Foot Soldiers Breakfast always a high point of Selma Bridge Crossing Jubilee

Special to the Democrat:
John Zippert, Co-Publisher

IMG_0755There are many exciting and challenging events at the Bridge Crossing Jubilee, each year, but the event that I consider best is the ‘Foot Soldiers Breakfast’ held on Saturday morning at R. B. Hudson School on Summerfield Road in Selma.
The Foot Soldiers Breakfast is coordinated by Charles Mauldin, JoAnn Bland and Richard Smilee, who themselves ‘foot-soldiers’ and are veteran participants in the Selma Voting Rights Movement starting in 1965. Their goal is to bring back actual participants in the “Bloody Sunday March” and related marches that were part of the Selma Movement and resulted in the passage of the 1965 Voting Rights Act.The Foot Soldiers Breakfast presents the testimonies of persons who participated in the history-making events in Selma. Many of the past breakfast speakers like Amelia Boyton Robinson, Marie Foster, Attorney J. L. Chestnut and others have passed onto glory.
Leroy Moton, a 19-year-old African-American man who accompanied Viola Luizzo, when she was killed on Highway 80 in Lowndes County by Klu Klux Klansmen at the end of the Selma-to-Montgomery March was to be the main speaker at this year’s Foot Soldiers Breakfast.
Due to illness, Leroy Moton, was unable to attend. Deanna Morton, his sister, who now resides in South Carolina attended and gave his story and her own. She said, “the car carrying the Klansmen passed Ms. Luizzo and her brother, on Highway 80, which was two lanes at that time. The car turned around and came back and found the car that Luizzo was driving. The Klansmen fired into the car killing Luizzo. Moton was alive and covered in blood but pretended to be dead until the Klansmen left. When they left, he flagged down a car to get help.”
Deanna Morton said as a 14-year-old girl she marched on Bloody Sunday. She said, “ When we came across the bridge, I never saw so many troopers in all my life; but I was willing to give my life for freedom. We learned how to outrun horses, cattle prods and billy clubs that day. I ran back across the bridge and hid behind some buildings.” She thanked the teachers at R. B. Hudson for supporting the young people.
Moton also said she was present for the ‘Turnaround Tuesday’ march which was led by Dr. King after Bloody Sunday. King agreed to turn around on the bridge because he did not have an official permit to march and he did not want to risk another beating of the marchers. Dr. King and SCLC later secured a permit and Federal protection to march from Selma to Montgomery later that month. Viola Luizzo was murdered on Highway 80, together with her brother – Leroy, in the aftermath of the successful march.
John Moton, another foot soldier said, “Do not make up excuses for not voting. We marched in the rain, in the mud and in the sunshine for you to have the right to vote.”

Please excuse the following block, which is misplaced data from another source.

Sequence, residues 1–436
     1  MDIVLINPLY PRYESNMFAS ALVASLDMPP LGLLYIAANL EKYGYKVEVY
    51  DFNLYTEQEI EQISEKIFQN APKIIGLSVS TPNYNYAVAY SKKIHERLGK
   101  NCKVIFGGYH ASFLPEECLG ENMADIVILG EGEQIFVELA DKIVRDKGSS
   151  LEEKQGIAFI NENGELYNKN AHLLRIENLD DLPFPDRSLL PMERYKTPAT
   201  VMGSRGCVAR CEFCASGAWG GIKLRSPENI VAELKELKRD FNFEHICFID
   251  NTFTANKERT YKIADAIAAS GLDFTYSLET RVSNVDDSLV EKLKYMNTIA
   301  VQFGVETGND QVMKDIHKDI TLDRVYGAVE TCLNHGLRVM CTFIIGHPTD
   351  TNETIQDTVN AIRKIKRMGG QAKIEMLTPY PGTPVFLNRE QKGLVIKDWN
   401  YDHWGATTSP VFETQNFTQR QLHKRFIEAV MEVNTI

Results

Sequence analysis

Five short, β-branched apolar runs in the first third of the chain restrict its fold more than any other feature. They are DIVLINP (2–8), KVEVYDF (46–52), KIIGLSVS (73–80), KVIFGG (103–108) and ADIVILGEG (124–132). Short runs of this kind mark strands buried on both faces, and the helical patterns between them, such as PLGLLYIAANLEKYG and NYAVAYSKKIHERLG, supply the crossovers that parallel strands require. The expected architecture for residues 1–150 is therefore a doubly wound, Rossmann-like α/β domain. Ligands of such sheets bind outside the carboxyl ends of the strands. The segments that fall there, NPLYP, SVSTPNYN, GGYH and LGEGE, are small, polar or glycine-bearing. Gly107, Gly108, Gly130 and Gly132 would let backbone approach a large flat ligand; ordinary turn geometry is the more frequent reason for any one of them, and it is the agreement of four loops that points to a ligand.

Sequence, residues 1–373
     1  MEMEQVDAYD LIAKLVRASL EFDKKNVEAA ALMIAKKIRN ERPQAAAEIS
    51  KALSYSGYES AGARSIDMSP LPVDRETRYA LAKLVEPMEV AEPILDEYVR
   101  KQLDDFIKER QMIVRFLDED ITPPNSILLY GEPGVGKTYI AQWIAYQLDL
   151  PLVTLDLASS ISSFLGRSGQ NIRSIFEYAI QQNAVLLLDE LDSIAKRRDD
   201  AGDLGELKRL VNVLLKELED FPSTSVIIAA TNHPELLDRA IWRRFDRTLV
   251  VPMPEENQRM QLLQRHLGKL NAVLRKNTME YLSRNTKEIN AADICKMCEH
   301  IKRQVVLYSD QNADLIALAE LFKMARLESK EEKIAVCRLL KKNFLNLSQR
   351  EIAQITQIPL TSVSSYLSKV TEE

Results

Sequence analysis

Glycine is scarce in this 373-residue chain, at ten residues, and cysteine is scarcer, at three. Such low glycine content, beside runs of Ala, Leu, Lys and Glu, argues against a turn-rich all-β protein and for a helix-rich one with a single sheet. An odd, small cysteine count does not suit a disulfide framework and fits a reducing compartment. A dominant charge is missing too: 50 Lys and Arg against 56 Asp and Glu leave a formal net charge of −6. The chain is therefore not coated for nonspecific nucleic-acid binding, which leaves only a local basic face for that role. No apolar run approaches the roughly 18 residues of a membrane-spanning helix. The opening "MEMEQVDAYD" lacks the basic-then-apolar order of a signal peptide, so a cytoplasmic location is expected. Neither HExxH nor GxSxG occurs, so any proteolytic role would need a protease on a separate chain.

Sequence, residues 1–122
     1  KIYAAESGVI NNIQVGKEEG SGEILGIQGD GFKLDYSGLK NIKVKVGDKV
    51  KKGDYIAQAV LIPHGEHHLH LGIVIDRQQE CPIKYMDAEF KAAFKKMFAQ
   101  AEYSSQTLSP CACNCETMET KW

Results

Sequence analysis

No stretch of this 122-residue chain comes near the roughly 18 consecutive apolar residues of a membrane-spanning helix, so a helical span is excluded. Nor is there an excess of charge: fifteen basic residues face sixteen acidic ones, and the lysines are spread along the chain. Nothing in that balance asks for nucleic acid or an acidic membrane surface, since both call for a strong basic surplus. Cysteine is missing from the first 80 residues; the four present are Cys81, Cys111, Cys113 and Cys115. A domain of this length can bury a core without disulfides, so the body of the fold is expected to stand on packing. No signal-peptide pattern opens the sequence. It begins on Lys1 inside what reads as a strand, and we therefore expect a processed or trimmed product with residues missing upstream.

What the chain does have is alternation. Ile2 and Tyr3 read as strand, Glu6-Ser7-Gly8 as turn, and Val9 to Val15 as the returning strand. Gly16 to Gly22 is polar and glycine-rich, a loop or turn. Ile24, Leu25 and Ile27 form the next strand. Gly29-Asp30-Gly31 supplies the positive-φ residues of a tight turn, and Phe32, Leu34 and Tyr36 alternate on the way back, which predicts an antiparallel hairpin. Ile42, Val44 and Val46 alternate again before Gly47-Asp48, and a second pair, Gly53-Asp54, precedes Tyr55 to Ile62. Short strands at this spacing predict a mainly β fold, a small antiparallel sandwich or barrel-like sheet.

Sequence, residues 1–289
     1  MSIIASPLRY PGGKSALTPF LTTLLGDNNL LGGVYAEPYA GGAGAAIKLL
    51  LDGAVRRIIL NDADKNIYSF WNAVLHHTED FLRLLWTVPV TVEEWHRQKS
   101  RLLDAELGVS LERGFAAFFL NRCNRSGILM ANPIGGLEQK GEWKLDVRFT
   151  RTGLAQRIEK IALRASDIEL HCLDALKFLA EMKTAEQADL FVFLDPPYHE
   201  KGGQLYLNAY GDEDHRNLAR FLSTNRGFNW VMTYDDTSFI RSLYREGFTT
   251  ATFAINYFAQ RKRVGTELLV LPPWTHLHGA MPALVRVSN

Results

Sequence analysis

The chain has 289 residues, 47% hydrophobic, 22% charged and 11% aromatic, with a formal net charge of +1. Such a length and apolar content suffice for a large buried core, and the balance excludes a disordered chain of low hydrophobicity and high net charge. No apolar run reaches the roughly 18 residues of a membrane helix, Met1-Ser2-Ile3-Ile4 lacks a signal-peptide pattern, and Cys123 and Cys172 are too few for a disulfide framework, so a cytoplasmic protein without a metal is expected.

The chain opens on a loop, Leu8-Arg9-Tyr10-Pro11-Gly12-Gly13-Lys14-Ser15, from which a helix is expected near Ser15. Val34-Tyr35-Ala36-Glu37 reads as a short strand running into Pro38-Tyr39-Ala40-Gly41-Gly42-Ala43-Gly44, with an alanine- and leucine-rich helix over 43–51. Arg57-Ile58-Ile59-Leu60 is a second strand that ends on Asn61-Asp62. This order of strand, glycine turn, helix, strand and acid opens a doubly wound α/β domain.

Richard Smilee said, “When I was on the bridge in 1965, you knew God was there. We were not afraid. We were looking forward to a brighter future. Tell the young people, the millennial to stand up; that your vote counts. Stand up for what you believe even if the current President wants to send us back. We will not go back!”
Willie ‘Mustafa’ Ricks, a SNCC worker who was in Selma for the voting rights campaign said, “ We are still catching hell. The Black man is still on the bot tom. We have been raped and robbed but we still have to keep marching. Bring your children and grandchildren to march. Revolution is the answer not giving people food stamps. Africans must be united!’
Herman Johnson said after SNCC workers came to the school to organize us, we marched from his high school school in Marion Junction to Selma (about ten miles) to participate in the movement.
Calvin Thomas, another foot soldier said he was arrested in Selma and taken to the old National Guard Amory. “There were too many people there so the took us to a camp in Thomaston. They let the prisoners out of the camp to watch us and put us in the camp.”
Horace Huggins, a retired teacher, commented on the January 21, 1965, ‘Teachers March’ in Selma. “This is the forgotten march, when 200 teachers from Selma and Dallas County marched for voting rights. Very few teachers took part in the movement for fear of loosing their jobs, but many teachers walked in this march to support the right to vote.
Joel Ellwanger, a white Lutheran minister from Milwaukee, Wisconsin, reported on the march of 72 concerned white people on March 6, the day before Bloody Sunday, who marched in support of Black people in downtown Selma. Ellwanger has written a book about this march.
There was so much to learn at the Foot Soldier Breakfast about the depth and breath of the Selma voting rights movement. I am planning to go again next year!

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